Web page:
Set at the turn of the century, this is the tale of Ellen Rimbauer who just received this mysterious mansion as a wedding gift from her new husband. Her husband is a Seattle oil tycoon who ... See full summary »
Carrie White is a lonely and painfully shy teenage girl with telekinetic powers who is slowly pushed to the edge of insanity by frequent bullying from both her classmates and her domineering, religious mother.
Charlie McGee is a young woman with the unwanted and often uncontrollable gift of pyrokinesis, lighting fires by mere thought. Charlie has been in hiding for nearly all her life from a top-secret government fringe group headed by the maniacal John Rainbird, who wants to find and use Charlie as the ultimate weapon of war. Vincent is a young private investigator unwittingly sent to look for Charlie, and evenutally tries to help her escape from Rainbird, who has formed a group of young boys from other research projects -- each with different special abilities -- in a plot to take over the world. Written by
Charlie is one of several characters in Stephen King novels (usually female) with mental powers. Others are Carrie, The Shining and it's sequel Doctor Sleep. See more »
[sitting on street bench]
More than I, if truth were told, / Have stood and sweated hot and cold, / And through their reins in ice and fire / Fear contended with desire. Agued once like me were they / I like them shall win my way / Lastly to the bed of mould / Where there's neither heat nor cold. But from my grave across my brow / Plays no wind of healing now, / And fire and ice within me fight / Beneath the suffocating night.
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Originally airing as a Sci-Fi Channel original movie/mini-series, "Firestarter 2: Rekindled" is the only sequel to "Firestarter," a little horror movie from 1984 that was based on a Stephen King novel and starred a very young Drew Barrymore as the title character. Arriving 18 years later and stretched out to nearly three hours, "Rekindled," re-writes history, re-making the previous film through flashbacks as it goes along. To say it takes liberties with its source material would be an understatement.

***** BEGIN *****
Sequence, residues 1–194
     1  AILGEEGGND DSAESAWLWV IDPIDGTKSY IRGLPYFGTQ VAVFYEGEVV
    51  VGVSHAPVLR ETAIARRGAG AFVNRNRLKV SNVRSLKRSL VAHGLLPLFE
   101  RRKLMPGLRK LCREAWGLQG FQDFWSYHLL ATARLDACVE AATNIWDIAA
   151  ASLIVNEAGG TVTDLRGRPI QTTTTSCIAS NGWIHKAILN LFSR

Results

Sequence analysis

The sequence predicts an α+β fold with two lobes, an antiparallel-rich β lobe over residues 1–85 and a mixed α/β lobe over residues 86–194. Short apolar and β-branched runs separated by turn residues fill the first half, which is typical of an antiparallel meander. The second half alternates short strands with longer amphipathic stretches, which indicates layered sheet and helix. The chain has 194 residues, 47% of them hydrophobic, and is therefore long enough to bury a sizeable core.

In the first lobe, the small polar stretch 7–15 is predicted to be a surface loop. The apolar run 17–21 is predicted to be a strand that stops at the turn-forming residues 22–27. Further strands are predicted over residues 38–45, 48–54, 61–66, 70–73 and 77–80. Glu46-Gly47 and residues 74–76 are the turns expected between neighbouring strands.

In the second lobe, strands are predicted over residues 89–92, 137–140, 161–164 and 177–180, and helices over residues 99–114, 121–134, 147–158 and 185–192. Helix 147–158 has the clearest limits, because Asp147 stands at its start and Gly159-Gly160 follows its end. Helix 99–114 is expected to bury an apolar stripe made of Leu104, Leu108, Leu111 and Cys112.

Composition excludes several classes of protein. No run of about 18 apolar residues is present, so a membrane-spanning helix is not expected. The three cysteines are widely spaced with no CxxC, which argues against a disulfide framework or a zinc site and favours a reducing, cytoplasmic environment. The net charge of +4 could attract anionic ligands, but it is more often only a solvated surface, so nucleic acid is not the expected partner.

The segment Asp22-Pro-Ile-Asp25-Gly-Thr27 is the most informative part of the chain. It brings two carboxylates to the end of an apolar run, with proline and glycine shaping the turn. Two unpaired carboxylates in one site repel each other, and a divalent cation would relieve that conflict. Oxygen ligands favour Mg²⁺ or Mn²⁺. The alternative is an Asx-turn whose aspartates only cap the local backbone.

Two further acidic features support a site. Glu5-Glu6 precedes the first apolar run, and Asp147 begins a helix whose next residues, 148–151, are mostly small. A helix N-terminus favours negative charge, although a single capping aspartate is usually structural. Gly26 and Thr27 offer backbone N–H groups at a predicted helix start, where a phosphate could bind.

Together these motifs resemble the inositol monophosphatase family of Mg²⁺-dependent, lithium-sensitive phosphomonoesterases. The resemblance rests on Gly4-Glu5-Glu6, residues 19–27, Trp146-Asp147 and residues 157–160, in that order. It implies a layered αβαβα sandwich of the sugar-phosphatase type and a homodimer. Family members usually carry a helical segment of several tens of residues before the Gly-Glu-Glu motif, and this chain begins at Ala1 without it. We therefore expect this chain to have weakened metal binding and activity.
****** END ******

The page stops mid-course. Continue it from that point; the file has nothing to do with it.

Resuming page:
Since this is 2002, and Drew Barrymore has better things to do, the role of Charlie McGee has been re-casted with Marguerite Moreau, who will certainly ring a bell to fans of "The Mighty Ducks." Malcolm McDowell of "A Clockwork Orange" fame steps into the shoes of George C. Scott and looks even less Native American as John Rainbird, the manipulative megalomaniacal psychopath who exploited Charlie in the past and who, like Sam Loomis in "Halloween," can't shake his past obsessions, no matter what cost it comes at. Aside from spending the first half catching you up in case you didn't see the first movie (and offending you by assuming you are stupid if you have), "Rekindled" finds there to be more survivors of the "Lot 6" program, which used human beings to test mind-expanding drugs, which had an adverse effect on their psychological well-being. It's the job of Vincent Sforza (Danny Nucci) to track these people down so they can receive the rewards of a class action lawsuit (a.k.a. a brutal and swift cover-up death) and once he realizes something is awry, helps Charlie once again escape the clutches of Rainbird and his cronies, as well as fending off a group of genetically engineered "Super-Kids," who serve merely as plot devices and filler. Also, there's Dennis Hopper as a tortured psychic who was obviously only written into the script so that his name could appear in the credits, possibly lending credibility to this sequel.
All these little sub-plots do well enough to pad out the length of the "film," but for the most part, it follows the same "fox on the run" formula of the first. The flashbacks which serve to remake the first movie tend to bog things down and, in the end, are unnecessary and unfortunate. The fact of the matter is, for this movie to exist, nothing in the first movie needed to be re-written. The flashbacks were unnecessary because not only did they not add to the narrative at hand, but also because anyone watching a TV-movie/sequel should have at least seen the first movie or read the book. Thankfully, though, for a TV-movie, it's actually quite entertaining, despite some cheesy moments and obvious padding. There's a good hour that probably could have been cut from the flick, and it would have been all the better for it. On the upside, Marguerite Moreau is a nice replacement for Barrymore, even if she looks and acts nothing like her. Malcolm McDowell hams it up a bit, but at least gets into his role enough so that you believe he is truly insane. Dennis Hopper shows up, reads his lines and drives off, but his presence is still noteworthy. For a fan of the original "Firestarter" who doesn't mind seeing it violated just a bit, "Firestarter 2: Rekindled" serves as a nice way to kill a rainy afternoon. View it with a grain of salt, and you will find that despite its limitations and short-comings, it's actually not all that bad for a TV-movie. Truth be told, if they had billed the movie simply as "Firestarter: Rekindled," dropping the "2," the results would have been less offensive and it would be suitable as more of a remake than it is a sequel. Think of it as an overblown piece of fan-fiction on the small-screen, and it has its merits.
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